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Abigail Baird, a cognitive scientist from Dartmouth College, It’s not her fault in which teenagers and adults were shown two scenarios, such as eating a salad or swimming with sharks, on a screen, then asked to judge which was safe or dangerous. Teenagers took longer to decide, and brain scans taken during the test showed higher activity in their prefrontal cortex, a part of the frontal lobe involved in decision making, suggesting teens were making greater effort than adults to judge the results of each situation.

Tip: Talk to your teen repeatedly about different types of risky teenage behavior and help him or her visualize the cost versus benefit through stories. Draw on characters in books, news stories, and personal experiences to provide a variety of examples your teen can relate to and consider.

Rebellion

According to neuropsychiatrist Dr. Dan Speigel, author of the book, Brainstorm: The Power and Purpose of the Teenage Brain, evolution has primed mammals to leave home and establish themselves away from parents. Siegel believes the changes in adolescent brains prompt teens to challenge adults and push away.

Tip: Even though your teen may seem to be pushing away, he or she actually yearns for more time and communication with you. Ellen Galinsky, social scientist and author of Ask The Children, says teens want to reconnect with parents in a more adult way. She advises parents engage with teens in new, peer-oriented ways through small, everyday rituals. This may mean doing something your teen enjoys where you interact on a more equal footing, such as playing a game together.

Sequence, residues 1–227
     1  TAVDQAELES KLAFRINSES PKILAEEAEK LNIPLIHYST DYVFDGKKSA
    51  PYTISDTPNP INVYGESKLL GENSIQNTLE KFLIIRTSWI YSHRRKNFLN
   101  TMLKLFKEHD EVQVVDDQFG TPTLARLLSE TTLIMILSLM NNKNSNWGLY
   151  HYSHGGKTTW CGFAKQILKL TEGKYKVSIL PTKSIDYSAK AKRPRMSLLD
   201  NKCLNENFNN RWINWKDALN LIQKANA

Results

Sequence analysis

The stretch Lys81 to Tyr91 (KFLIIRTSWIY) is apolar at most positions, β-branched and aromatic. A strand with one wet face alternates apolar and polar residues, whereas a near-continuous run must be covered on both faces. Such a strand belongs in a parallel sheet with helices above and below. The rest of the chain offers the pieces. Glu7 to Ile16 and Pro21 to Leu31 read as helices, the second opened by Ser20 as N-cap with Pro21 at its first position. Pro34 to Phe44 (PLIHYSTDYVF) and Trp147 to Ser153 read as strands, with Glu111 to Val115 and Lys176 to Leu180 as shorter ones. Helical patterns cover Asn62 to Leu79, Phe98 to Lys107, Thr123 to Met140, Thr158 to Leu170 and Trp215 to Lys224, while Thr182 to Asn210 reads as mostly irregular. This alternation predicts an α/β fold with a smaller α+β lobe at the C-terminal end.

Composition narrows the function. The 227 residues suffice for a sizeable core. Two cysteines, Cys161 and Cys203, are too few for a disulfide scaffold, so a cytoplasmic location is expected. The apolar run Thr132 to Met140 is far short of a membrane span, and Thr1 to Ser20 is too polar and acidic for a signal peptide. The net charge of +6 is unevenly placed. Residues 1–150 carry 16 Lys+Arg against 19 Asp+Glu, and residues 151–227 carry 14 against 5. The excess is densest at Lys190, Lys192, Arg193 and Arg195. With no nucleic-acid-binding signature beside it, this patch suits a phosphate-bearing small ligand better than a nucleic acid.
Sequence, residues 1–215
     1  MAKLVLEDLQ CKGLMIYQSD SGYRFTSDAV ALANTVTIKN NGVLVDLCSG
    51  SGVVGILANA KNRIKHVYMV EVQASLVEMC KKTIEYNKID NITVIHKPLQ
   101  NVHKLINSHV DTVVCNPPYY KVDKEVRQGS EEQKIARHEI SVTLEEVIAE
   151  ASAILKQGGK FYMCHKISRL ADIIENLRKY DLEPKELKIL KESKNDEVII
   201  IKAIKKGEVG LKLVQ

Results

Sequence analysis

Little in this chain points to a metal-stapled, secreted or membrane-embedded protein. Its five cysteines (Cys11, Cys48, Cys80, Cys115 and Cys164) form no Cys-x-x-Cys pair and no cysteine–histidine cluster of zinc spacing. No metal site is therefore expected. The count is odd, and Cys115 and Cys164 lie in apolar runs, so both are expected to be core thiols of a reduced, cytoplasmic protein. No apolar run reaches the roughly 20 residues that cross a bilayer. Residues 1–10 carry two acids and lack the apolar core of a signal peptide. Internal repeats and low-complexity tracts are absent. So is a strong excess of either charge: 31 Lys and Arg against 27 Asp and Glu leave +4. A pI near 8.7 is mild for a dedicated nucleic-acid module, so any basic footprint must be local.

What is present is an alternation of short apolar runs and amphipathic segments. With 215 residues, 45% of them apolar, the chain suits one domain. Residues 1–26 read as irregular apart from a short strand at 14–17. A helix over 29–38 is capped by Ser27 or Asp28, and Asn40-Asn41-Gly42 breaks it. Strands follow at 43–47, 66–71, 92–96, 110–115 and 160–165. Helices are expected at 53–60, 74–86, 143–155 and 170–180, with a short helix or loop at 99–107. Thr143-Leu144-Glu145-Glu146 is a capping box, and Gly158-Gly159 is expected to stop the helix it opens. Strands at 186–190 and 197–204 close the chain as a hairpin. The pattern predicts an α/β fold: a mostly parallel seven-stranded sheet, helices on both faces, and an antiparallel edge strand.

Sleepiness / Laziness

Is your teen groggy in the mornings? Do you find it hard to wake her up?  It’s not her fault – and she’s not being lazy. Melatonin, the sleep inducing hormone, is released two hours later at night in a teen’s brain than in an adult’s brain, and also stays in the system longer. So, a teen’s natural rhythm is to sleep and wake late.

According to the US Centre for Disease Control and Prevention, teenagers on average need nine hours of sleep. Unfortunately, most of them get less due to early school starting times. This sleep deficit can affect mood, learning and behavior. Mary Carskadon, director of the E.P. Bradley Hospital Sleep Research Laboratory at Brown University, has spent years mapping the brains of sleepy teens. Carskadon It’s not her fault, but this idea has yet to catch on widely in the US or elsewhere.

Tip: If your teen has to wake up early, make sure he gets a full nine hours of sleep and have him wind down at the same time every night.

Learning

Adolescents are actually wired to learn better and faster. A process known as long-term potentiation (LTP), in which synapses and neuronal connections are strengthened by patterns of activity, is stronger in teen brains. Studies comparing slices of the hippocampus – the part of the brain associated with long-term memory – in adolescents versus adults, found the strength of LTP was higher and lasted longer in teens. This means teens can pick up a new language, learn to play a new sport or a musical instrument faster and better than adults.

Tip: This is a good time to help your teen identify strengths and talents and nurture them.

The teenage years are a crucial part of development. It may not be all smooth, but experts agree the most beneficial thing for teens is to have a good relationship with their parents. For this, parents need to be tolerant of their teenager’s behavior, to an extent, emphasise teens’ positive attributes, and, most importantly find new ways to communicate and connect.

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Written By Deepa Padmanaban

Deepa is a freelance journalist who writes about health, wellness, science, environment, people and culture. She has published in The Hindu, Mint, The Caravan, Open magazine, India Spend, and international publications such as Quartz, Christian Science Monitor and others. In her previous avatar, she was a biologist at The Indian Institute of Science (Bangalore) and Harvard University. You can follow her work at deepapadmanaban.com or on Twitter @deepa_padma